Don Airey

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    66 comments  ·  Azure Active Directory » B2C  ·  Flag idea as inappropriate…  ·  Admin →

    We definitely recognize the popularity of this feature, and we discuss it constantly during the planning phases. However there are certain technical limitations in the system that add a large amount of development cost. Because of the cost and the fact that there is a workaround available, other features get prioritized over this one.

    That being said, please keep voting for it. The popularity of the feature does help bring it up and makes us reconsider every time.

    Apologies for the delay.

    /Parakh


    Old message:
    We’re doing some research both on the specifics of this ask as well as what it would take to support this.
    Is the ask here to do the same thing that regular Azure AD does (see: https://blogs.technet.microsoft.com/enterprisemobility/2014/12/18/azure-active-directory-now-with-group-claims-and-application-roles/) or is are there different requirements around this for Azure AD B2C?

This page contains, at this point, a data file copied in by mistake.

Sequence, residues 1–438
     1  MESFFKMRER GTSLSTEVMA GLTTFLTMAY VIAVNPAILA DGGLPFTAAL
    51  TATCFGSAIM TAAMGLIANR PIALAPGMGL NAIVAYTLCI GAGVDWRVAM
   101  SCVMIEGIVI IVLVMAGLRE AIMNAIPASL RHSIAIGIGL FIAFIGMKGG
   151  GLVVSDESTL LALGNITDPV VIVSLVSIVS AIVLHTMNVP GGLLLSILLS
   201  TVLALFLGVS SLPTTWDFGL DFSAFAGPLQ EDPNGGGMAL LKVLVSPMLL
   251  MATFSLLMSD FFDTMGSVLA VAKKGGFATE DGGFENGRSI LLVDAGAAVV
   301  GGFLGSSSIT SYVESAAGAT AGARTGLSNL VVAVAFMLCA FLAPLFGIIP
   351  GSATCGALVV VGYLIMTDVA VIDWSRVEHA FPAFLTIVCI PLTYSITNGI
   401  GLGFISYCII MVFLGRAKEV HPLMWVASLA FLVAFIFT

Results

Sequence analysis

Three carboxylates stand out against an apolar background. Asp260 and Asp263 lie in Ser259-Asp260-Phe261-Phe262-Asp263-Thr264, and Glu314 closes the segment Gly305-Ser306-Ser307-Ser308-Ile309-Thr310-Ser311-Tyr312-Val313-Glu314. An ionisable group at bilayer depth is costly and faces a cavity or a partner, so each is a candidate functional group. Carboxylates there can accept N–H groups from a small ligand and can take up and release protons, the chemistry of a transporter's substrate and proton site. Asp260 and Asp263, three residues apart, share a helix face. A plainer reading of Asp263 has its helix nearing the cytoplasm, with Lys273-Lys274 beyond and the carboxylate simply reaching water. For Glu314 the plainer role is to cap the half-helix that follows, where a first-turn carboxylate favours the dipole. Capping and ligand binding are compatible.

Don Airey commented  · 

    Microsoft: Because of the cost and the fact that there is a workaround available, other features get prioritized over this one.

    Translation: Please evaluate Okta as we currently are not employing anyone competent enough to build this feature into our product.

    Don Airey supported this idea  · 
    Don Airey commented  · 

    For Role Based Authentication, you just need a group membership in order to map the group to a set of claims. So the answer to your question is: we just need what Azure AD does in the B2C endpoint.

    Don Airey commented  · 

    I had a colonoscopy last year without anesthesia. Digging through the B2C architecture to get my claims-based authentication working was a worse experience for me. First, there's no way to create a local user using an email address for the identity (that is, an email address not tied to any identity provider) in the portal . You need to create a separate application with CRUD privileges. Then you need to add the new user with a command line utility found in GIT. Then you need to go back to the portal to add them to a group, then you need to bake the credentials of this secondary application into your service in order to read the group affiliations of the users.

    It's not all pain, however. Once I got everything working, it's very slick to have a complete web service working out of a single Cloud Service with Authentication and SQL handled in the cloud.

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